Development in GST Debate May Herald Change

Mike Baird, the NSW Treasurer, is urging the Commonwealth to drop the threshold for GST applied to products purchased from offshore retailers. He proposes lowering the threshold from $1000 to $30, stating that future growth in online shopping will make the move cost effective.

Last year, the Productivity Commission investigated the costs and effects of lowering the GST threshold, which resulted in the commission raising concerns that the move would be more cost more to execute than the revenue it would generate. On the other hand, it has been pointed out that many of the associated costs would be once-off investments and that the scheme would quickly pay itself off.

Baird instead highlights the predicted growth of online retail, which he says will make the initiative cost-effective in the near future.

“It’s clear that the GST base is growing less than anticipated and the government needs to look at all options to replace revenue that is essential to deliver services and the building of infrastructure,” Baird told Fairfax.

“It’s time that we seriously consider online retailing because it is growing exponentially and means that our domestic retailers aren’t competing on a level playing field.”

If the recommendation to lower the GST threshold to items purchased for $30 or more, the majority of offshore purchases would attract 10 percent extra in tax, with 77 percent of overseas purchases falling shy of $100. The Productivity Commission’s report estimated that as much as two percent of all retail sales ($4.2 billion) were from offshore retailers.

Baird’s recommendations come in response to a request by federal Treasurer Wayne Swan, who has requested a roadmap for the abolition of state taxes such as stamp duty. Baird has pointed to the potential revenue gained from lowering the GST threshold as a means to offset lost revenue from state taxes.

Is this development the ray of hope local retailers have been looking for?

5 thoughts on “Development in GST Debate May Herald Change

    • Paul
    • 7th September

    It’s not just the “ray of hope” retailers will need, it’s every citizen in Australia who relies on a service from their State Government. With less and less GST revenue there’s less State money for education, law and order and infrastructure, amongst other things. Think about it before pitching it as a retailer vs consumer follow-up story like you have in the past.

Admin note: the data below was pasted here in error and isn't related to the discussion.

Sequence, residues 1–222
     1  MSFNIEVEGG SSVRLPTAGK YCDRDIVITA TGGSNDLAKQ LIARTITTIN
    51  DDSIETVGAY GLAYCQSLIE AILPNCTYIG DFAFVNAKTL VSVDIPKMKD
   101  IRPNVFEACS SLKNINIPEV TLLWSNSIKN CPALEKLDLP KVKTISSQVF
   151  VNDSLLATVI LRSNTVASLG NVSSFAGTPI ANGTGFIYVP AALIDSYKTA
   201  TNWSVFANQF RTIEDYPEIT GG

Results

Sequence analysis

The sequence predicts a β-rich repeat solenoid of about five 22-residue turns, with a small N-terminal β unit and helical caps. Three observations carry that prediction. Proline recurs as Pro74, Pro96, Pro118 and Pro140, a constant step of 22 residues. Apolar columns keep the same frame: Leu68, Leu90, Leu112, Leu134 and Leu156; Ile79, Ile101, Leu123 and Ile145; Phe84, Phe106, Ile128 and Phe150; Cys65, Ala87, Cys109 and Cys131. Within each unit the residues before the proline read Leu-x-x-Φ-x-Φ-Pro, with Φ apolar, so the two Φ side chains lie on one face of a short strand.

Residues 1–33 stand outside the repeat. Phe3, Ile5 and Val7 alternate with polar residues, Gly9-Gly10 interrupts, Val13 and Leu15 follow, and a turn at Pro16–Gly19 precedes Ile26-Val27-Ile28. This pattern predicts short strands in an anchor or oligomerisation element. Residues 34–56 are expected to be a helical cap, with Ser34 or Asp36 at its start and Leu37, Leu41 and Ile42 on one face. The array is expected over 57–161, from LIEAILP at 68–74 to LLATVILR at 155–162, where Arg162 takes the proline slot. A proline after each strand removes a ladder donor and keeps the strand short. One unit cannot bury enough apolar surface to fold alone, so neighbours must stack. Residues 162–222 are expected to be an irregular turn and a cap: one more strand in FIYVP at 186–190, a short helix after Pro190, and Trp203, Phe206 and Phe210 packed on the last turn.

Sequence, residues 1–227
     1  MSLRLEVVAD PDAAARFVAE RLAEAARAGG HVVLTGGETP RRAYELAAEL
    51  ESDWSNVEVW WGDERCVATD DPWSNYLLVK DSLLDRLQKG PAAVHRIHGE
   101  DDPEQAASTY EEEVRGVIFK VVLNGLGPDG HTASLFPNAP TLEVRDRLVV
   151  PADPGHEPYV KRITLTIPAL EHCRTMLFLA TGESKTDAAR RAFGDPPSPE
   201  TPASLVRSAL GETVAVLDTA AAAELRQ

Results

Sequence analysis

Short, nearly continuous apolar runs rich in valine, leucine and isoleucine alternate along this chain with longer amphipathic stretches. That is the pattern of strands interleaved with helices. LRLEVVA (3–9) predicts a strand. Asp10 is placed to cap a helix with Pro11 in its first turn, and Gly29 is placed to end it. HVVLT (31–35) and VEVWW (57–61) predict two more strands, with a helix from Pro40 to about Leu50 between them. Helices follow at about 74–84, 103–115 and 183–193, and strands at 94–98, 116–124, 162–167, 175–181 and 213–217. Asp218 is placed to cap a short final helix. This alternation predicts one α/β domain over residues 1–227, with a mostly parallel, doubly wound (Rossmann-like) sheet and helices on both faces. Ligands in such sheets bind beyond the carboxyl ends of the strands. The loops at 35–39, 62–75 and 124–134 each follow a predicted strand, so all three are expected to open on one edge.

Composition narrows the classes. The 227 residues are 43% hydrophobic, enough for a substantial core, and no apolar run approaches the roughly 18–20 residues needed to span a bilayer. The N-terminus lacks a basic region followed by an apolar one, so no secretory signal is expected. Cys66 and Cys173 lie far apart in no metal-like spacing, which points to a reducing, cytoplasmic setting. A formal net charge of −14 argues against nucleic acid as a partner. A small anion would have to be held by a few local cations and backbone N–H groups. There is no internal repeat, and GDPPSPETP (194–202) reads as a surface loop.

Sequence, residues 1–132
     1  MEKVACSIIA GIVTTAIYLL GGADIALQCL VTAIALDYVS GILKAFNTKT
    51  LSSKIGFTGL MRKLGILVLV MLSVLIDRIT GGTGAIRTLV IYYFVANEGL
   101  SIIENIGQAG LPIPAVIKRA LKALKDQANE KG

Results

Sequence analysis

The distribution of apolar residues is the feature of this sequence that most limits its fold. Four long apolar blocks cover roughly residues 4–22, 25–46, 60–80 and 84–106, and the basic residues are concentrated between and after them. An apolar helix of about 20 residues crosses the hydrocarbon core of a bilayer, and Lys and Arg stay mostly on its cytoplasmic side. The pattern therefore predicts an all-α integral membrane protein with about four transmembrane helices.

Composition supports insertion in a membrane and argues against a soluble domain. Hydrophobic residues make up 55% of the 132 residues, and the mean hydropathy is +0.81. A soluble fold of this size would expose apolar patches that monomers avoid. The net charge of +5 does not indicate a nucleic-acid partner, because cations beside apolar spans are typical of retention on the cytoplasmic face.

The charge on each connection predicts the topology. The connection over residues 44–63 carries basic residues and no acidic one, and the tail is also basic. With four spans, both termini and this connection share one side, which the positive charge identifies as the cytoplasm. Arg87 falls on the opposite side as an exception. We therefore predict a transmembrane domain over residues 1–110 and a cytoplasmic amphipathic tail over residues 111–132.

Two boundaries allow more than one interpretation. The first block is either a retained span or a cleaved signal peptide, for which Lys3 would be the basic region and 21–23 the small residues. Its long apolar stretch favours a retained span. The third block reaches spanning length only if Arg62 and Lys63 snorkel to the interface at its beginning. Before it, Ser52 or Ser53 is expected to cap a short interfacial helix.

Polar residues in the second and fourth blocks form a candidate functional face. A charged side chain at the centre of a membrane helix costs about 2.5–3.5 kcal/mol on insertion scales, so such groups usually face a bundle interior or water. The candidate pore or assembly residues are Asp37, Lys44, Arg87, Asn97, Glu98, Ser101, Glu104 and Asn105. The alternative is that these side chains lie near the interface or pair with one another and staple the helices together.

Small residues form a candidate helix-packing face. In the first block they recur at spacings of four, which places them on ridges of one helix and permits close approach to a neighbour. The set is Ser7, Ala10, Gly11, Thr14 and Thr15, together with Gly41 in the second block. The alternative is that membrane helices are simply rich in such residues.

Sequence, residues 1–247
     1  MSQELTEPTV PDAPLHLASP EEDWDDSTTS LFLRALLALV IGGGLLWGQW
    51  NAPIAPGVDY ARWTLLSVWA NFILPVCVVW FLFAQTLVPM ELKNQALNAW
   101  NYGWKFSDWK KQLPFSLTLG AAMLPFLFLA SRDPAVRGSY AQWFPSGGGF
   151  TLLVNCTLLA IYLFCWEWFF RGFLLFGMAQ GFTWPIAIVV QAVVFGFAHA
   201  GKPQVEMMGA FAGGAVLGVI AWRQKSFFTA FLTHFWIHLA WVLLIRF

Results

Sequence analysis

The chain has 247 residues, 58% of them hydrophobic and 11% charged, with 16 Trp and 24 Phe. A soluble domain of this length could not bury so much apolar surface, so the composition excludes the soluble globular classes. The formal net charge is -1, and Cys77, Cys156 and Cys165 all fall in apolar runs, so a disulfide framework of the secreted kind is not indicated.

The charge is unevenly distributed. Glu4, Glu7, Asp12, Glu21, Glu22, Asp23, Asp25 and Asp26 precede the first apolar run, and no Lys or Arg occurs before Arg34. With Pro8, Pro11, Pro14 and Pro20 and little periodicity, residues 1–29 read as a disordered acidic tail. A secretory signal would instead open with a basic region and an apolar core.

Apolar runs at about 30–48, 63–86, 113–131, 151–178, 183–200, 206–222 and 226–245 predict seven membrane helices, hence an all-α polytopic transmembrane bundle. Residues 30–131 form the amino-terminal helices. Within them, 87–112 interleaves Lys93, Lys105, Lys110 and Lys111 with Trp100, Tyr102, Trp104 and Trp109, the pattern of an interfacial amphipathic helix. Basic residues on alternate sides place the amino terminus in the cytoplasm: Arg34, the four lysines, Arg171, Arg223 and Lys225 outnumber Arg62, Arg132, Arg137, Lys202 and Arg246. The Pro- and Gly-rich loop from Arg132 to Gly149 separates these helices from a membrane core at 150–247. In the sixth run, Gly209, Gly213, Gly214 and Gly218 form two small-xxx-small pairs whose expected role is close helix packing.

1. Hi Paul and thanks for commenting. While I like to think I have given this some thought, there’s always the chance I’ve missed something.

      That being said, I will always strive to write specifically for Power Retail’s readership, which largely consists of retailers and engaged consumers. The broader implications of taxation law and politics therefore sits outside my sphere of interest.

    • Adam
    • 7th September

    Isn’t the current GST threshold $1000 and not $100?

    1. Thanks, Adam. It sure is.

      Please note: I’ve updated the article to correct this error, which appeared in the first paragraph. The mention of $100 towards the end remains correct.

  1. One area of GST collection that hasn’t be discussed much – is that as an online seller many of our partners are based overseas and hence don’t charge GST – eBay and Google for instance. The huge figure spent on online advertising with Google – attracts no GST; same with eBay fees – perhaps some more thought should go into that – it would be most cost effective of collecting than at the ports with products. This also affects income credits when doing BAS statements.
    Collecting from GST by lowering the threshold doesn’t factor in that high AUD and variety are huge factors for this – if the dollar plummets then the figure to be collected lowers, and as more retailers come online – and less reason to shop overseas.


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